The open source world has recently seen a few high-profile projects with unusual terms. They call themselves “open source” and “free for research and commercial use,” and some pundits (including Matt Asay in InfoWorld) argue that the question of whether something is open source “doesn’t really matter.” We’d argue that’s untrue: These projects certainly feel it’s important that the average developer views them as open source. Their halfway licenses capitalize on the goodwill of open source software. Let’s start calling this pretend open source software what it really is, partially between open and closed: ajar source software.
- IBM announced that it would no longer make its Red Hat source code publicly available. Linux is distributed under the GNU Public License (GPL) with a syscall exception. IBM must provide source code changes when requested by customers who receive Red Hat binaries. However, IBM is under no obligation to continue a relationship with you after the terms of your current contract expire. The implication: You can ask for source code changes once, but if you do, you might never see another Red Hat release. Strictly speaking, this conforms to an open source license. In spirit, though, it’s not what the developer community means when they say “open source.”
- Meta released its Llama 2 model with conditions for large companies. Meta distributes Llama 2 under the “Llama 2 Community License Agreement.” This looks like a standard open source license agreement, but unlike the open source licenses you’ll find at the Open Source Initiative (OSI), it contains a clause addressing “Additional Commercial Terms.” In short: If you want to use Llama 2, you can. However, if you have more than “700 million monthly active users in the preceding calendar month, you must request a license from Meta, which Meta may grant to you in its sole discretion.” We wonder what Meta would do if that restriction applied to its Linux servers.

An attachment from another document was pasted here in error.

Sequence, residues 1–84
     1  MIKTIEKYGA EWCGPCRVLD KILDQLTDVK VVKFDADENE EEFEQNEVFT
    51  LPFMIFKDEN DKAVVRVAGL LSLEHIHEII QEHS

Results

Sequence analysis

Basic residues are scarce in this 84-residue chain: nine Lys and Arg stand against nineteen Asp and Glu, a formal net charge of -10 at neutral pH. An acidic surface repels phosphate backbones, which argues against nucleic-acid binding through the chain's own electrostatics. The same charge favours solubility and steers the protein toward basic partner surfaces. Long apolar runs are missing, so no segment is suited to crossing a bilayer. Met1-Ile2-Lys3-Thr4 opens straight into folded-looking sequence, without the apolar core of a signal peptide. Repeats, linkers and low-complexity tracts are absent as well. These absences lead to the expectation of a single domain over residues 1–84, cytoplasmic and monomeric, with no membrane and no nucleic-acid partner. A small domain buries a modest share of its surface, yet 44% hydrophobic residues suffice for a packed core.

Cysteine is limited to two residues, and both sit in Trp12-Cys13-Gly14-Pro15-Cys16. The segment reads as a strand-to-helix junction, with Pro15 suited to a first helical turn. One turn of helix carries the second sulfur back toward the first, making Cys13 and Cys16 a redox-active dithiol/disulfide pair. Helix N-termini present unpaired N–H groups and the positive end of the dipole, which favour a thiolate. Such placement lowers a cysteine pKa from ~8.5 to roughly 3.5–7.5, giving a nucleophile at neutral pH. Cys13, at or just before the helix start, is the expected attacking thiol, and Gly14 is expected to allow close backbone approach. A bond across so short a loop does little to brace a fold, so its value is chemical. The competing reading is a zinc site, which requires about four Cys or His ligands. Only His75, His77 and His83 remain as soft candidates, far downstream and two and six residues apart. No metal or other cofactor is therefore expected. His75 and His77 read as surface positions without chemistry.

- HashiCorp abandoned the Mozilla Public License (MPL). HashiCorp (maker of Terraform) changed its licensing from MPL to the Business Source License (BSL). The upshot of this change is that you can’t use HashiCorp products to create software that provides “a competitive offering to HashiCorp.” If you build software using HashiCorp’s products under the BSL, you can’t embed or host the software in an offering competitive to HashiCorp. You must buy a commercial license the moment you’re competing – or stop using the source code altogether if HashiCorp refuses to sell you a commercial license.
Encumbrances != Open Source
According to the OSI, open source software is more than access to the source code. It also requires no restriction on one’s ability to sell software that uses the source code. Indeed, the creators of the BSL note: “The Business Source License (this document, or the ‘License’) is not an Open Source license.” HashiCorp must not have read that part since it used the term “open source” to describe the BSL. These software products aren’t open source, but they aren’t quite closed source either: They’re ajar source.
When an open source project changes its license to something the community finds unacceptable, we’ll often see a group of developers fork the source from the old license. XFree86 originally had an MIT license, but its developers changed that in 2004 with its 4.4.0 release. In response, X.Org forked XFree86 4.4 RC2 under the old license terms. That’s why your X Window Server on Intel architectures is X.Org and not XFree86. At least for Terraform, it appears that HashiCorp will see a similar fate.
Understand Licenses Carefully Before Use
Know who owns a software copyright and understand that impact. If it’s owned by a for-profit company, the license can change to satisfy the company’s shareholders, not yours. Pay close attention to the terms of the license. For quite some time, we’ve had an open source world where licenses have been relatively comprehensible. We are now entering into a phase of more confusion. Licensing is again a concern to developers and architects. Whether a license is acceptable depends on your organization’s goals. Don’t assume that just because something says it’s “open” that it’s fit for your purpose or that it’s even a truthful claim. It might just be ajar.